A sister can be seen as someone who is both ourselves and very much not ourselves - a special kind of double. ~Toni Morrison
I don't believe an accident of birth makes people sisters or brothers. It makes them siblings, gives them mutuality of parentage. Sisterhood and brotherhood is a condition people have to work at. ~Maya Angelou
Tuesday, May 8
“I should have known Gloria would come up with something like this right before our wedding. It’s just like her. I swear, she’s . . .”
. . . crazy as the proverbial shithouse rat were the words on the tip of my tongue but I bit them back.
Without looking up from the paperback he was reading, Phillip made a questioning sort of sound. “Hmm? . . . What was that, Lizabeth? Gloria’s what?”
I dropped the phone onto the table and glowered at it as if it were responsible for this new and unwelcome twist in my life. “She’s . . . complicated,” I hedged, rejecting the coarse country phrase, apt though it might be. “Complicated’ – which is a polite way of saying I don’t understand her at all. She must be-”
I couldn’t go on. But the voice in my head, never at a loss for words, finished the sentence for me, She must be out of her rabbit-ass mind, as Ben would say.
I stood there glaring at the innocent telephone. It’s not FAIR! I wanted to shout, in a whining echo from my childhood. Glory always messes everything up! I wanted to throw something, to stamp my foot, to fling myself to the floor and have a screaming, kicking tantrum.
Instead, I made a strenuous effort to sound composed and adult as I tried to explain things to the back of Phillip’s head.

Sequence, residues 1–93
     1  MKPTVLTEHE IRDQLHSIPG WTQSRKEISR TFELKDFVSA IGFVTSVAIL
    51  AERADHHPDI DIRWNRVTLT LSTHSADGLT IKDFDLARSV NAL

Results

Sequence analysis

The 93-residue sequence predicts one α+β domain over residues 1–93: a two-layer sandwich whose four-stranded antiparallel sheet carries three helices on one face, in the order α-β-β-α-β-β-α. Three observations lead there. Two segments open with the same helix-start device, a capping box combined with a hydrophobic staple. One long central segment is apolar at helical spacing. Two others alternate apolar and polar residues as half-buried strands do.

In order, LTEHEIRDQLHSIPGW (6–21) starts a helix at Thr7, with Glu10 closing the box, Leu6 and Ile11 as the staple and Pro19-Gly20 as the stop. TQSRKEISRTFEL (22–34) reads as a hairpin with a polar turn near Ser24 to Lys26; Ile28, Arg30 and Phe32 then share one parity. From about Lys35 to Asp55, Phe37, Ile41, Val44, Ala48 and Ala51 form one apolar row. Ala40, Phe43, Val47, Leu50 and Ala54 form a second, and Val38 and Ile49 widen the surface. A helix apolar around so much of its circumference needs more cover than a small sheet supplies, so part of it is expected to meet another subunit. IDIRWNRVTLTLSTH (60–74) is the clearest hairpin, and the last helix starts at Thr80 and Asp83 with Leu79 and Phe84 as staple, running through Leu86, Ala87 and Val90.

“It’s just that with all the farm work right now, not to mention getting things ready for the wedding next month, this isn’t exactly a good time for anyone to come for an open-ended visit, especially Gloria . . . she’s so bloody high maintenance.”
All the old feelings were just below the surface: bitterness, guilt, annoyance, a touch of envy, and guilt again – an evil stew of emotion ready to break into a full boil.
Not attractive, Elizabeth, I warned that nasty inner child who was still quivering with righteous indignation. Aren’t you about forty years too old for this kind of adolescent reaction to your only sister . . . your only sibling?
I took a deep breath, forcing myself into the mind set of rationality and general benevolence that I like to pretend comes naturally. Usually, it does. But now . . . oh, why the hell does my sister always bring out the worst in me?
Two more deep breaths and I was able to say, “On the other hand, if things are so bad between Gloria and her husband . . .”
I was thinking out loud now, trying to make sense of the just-ended conversation and trying also to ignore the tag-line from Tennyson that was running through my head – “‘The curse is come upon me,’ cried the Lady of Shallot.”
. “ . . . if it’s so bad that she’s actually contemplating staying here for a month or longer, what can I do? And things must be seriously awful. Glory hates it here at the farm – ‘too much Nature,’ she always says, as if Nature was something you wouldn’t want to step in.”
Phillip, comfortable on the sofa with a dog on either side of him, his sock feet up on the old cedar chest that serves as a coffee table, finally looked up from his after-supper book with that calm, amused expression he’s so good at.
“This guy – he’s what – your sister’s third husband? So problems with married life aren’t entirely new to her. What’s the big deal this time?”
He wouldn’t be so calm and amused if he had any idea of what Glory’s like, I thought, wondering if this could be some elaborate joke of hers. But the thing is – my sister has no sense of humor. None. Never has.
“Well,” I told him, thinking at the same time that, after all his patient courtship, Phillip deserved better than this, “according to Gloria, the problem is that Jerry’s trying to kill her.”